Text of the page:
Physical Education Teacher Education Requirements

Learn about the education and preparation needed to become a physical education teacher. Get a quick view of the requirements as well as details about schooling, job duties and licensure required to find out if this is the career for you.

A physical education teacher works in primary or secondary schools where they need at least an undergraduate degree and licensure for public school. Internships are also commonly required.

Essential Information

Physical education teachers instruct students in fitness, and they may also coach sports teams or teach wellness classes. These teachers may work with students at the preschool through high school levels in private and public schools, helping them develop physical ability, health awareness and social skills. A bachelor's degree, state teaching license and internship are typically required for physical education teachers.

Required Education Bachelor's degree
Other Requirements License for public school positions; internship often required
Projected Job Growth (2014-2024)* 6% for all kindergarten and elementary school, middle school teachers, and high school teachers
Median Salary (2015)** $41,432 for all types of physical education teachers

Sources: *U.S. Bureau of Labor Statistics, **PayScale.com.

Physical Education Teacher Educational Requirements

Like all teachers in the U.S., each physical education teacher is required to hold a bachelor's degree in their field of instruction from a teacher education program. Some colleges and universities offer Bachelor of Science in Physical Education Teacher Education programs that prepare students to teach at the K-12 grade levels. Courses may include kinesiology, exercise physiology, teaching theory, sports, psychology for teachers, motor skills, evaluation methods, and health instruction. These programs also incorporate student-teaching internships.

Teacher Licensure

While private school teachers are not required to hold licensure, all public school teachers must be licensed by the state in which they are employed. Different types of licensure may be granted depending on grade level or specialty of instruction. Licensing eligibility varies by state; however, most boards of education require the completion of an approved 4-year teacher education program with a minimum grade point average. Licensure candidates may then take a licensing exam that assesses fundamental skills in teaching. Teachers generally must renew licensure every 3-5 years by earning continuing education credits.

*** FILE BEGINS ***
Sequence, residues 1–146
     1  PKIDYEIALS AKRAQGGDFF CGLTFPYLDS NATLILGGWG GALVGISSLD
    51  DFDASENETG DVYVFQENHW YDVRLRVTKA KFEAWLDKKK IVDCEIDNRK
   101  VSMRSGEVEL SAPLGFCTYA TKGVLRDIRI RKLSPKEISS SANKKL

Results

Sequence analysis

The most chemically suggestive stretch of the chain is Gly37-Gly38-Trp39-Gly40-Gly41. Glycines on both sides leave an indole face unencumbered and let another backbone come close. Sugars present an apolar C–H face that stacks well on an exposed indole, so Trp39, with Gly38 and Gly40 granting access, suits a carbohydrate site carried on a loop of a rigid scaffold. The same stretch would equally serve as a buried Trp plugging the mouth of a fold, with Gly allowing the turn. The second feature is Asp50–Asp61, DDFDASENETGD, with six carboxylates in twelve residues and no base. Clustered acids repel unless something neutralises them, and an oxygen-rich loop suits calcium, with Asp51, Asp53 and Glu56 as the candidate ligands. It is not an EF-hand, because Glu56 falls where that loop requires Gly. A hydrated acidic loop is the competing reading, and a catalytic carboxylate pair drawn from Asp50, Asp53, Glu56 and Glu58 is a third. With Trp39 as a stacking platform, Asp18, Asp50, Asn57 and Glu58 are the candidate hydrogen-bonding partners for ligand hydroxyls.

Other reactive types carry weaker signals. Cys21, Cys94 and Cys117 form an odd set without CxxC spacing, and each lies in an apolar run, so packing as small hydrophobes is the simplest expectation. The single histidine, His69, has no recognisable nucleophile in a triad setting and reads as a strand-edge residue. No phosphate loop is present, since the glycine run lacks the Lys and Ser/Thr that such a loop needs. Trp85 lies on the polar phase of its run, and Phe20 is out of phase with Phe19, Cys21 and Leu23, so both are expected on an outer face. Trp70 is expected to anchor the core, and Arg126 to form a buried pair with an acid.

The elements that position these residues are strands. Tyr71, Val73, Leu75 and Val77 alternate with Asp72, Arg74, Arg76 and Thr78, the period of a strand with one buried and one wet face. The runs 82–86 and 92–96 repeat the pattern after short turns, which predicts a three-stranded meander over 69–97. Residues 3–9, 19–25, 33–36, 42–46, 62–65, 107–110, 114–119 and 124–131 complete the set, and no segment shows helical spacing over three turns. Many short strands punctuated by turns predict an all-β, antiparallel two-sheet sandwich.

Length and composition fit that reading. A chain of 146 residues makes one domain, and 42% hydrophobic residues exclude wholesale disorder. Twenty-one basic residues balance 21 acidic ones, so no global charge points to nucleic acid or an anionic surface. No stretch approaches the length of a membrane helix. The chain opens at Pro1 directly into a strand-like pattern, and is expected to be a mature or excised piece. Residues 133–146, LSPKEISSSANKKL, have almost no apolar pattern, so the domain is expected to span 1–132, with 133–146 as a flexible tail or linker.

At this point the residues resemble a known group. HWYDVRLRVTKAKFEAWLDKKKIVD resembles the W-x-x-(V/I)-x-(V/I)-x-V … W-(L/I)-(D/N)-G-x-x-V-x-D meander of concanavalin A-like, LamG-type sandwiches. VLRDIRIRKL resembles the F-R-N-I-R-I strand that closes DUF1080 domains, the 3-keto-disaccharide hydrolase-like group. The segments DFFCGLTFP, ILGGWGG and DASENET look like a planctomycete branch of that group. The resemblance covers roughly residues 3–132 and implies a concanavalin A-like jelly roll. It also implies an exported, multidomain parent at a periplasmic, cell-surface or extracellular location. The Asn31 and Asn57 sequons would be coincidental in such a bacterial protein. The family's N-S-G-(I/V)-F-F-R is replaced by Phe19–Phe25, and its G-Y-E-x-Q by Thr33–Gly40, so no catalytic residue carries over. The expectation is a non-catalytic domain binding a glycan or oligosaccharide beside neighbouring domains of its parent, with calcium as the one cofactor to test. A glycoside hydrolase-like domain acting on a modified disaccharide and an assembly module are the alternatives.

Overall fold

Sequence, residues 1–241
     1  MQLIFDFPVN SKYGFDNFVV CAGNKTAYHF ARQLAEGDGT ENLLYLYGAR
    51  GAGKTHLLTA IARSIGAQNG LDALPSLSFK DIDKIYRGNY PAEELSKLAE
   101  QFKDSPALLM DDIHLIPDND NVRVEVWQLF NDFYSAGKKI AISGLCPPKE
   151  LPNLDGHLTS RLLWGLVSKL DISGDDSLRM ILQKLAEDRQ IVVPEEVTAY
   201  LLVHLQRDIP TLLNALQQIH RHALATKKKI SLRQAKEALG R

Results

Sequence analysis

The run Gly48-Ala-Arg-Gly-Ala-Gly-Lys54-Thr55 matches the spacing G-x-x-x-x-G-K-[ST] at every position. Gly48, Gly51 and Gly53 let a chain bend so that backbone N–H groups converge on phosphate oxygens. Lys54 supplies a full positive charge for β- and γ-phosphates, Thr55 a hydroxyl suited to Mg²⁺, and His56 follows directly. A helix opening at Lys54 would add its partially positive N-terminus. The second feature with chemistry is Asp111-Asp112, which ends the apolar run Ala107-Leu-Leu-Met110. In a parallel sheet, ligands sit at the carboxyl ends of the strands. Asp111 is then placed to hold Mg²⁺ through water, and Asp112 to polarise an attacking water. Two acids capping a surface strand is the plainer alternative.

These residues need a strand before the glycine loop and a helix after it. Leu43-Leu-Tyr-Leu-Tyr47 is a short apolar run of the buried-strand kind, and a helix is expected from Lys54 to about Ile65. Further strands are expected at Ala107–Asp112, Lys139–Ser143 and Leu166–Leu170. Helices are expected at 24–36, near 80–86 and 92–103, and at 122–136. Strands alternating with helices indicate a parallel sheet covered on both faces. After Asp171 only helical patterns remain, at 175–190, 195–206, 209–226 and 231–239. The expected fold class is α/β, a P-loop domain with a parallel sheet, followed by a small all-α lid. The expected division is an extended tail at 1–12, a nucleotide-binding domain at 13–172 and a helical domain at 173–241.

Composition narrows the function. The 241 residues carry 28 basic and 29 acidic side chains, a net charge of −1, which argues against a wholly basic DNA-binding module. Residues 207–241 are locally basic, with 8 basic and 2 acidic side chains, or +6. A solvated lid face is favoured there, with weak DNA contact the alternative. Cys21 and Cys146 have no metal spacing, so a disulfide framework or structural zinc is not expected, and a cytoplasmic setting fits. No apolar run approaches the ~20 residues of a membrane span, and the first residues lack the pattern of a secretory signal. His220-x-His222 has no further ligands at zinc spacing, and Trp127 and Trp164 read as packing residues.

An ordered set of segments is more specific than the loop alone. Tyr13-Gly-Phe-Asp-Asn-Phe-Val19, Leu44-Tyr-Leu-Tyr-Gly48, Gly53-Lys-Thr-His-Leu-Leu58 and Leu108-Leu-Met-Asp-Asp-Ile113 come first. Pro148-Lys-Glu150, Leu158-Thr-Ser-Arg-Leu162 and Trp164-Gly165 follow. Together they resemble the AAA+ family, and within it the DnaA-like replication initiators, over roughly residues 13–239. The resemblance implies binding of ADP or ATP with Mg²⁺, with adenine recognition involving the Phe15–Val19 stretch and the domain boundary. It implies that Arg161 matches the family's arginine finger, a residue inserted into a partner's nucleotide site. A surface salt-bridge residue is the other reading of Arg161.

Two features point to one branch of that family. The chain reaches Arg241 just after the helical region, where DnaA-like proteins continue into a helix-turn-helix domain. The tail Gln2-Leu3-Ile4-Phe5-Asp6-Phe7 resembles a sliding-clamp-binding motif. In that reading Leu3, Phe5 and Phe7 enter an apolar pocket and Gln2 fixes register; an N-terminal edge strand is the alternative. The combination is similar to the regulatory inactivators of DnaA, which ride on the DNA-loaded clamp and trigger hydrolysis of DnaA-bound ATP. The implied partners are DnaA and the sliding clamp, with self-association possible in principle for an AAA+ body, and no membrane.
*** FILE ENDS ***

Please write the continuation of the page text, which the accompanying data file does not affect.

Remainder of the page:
Employment Projections

According to the U.S. Bureau of Labor Statistics (BLS), employment of all kindergarten, elementary school and middle school teachers is expected to increase 6% from 2014-2024. The BLS further predicts that all secondary school teachers, except special and career or technical education will see a 6% increase in job opportunities during the same time period. Employment rates depend on student enrollment numbers, which vary by location. In general, the BLS notes that prospects are likely to be better in rural and urban schools than in suburban ones.

Salary Information

In January 2016, PayScale.com reported that the majority of P.E. teachers earned $28,621-$65,025 per year, including bonuses. Physical education teachers who coach sports teams or other after school activities may earn extra income. In general, private school teachers earn less than public school teachers but tend to receive more benefits.

The job of a physical education teacher is to promote students' physical fitness through exercise and sport activities. A bachelor's degree in physical education is required along with hands-on student teaching experience. Those who teach in public schools must become licensed.

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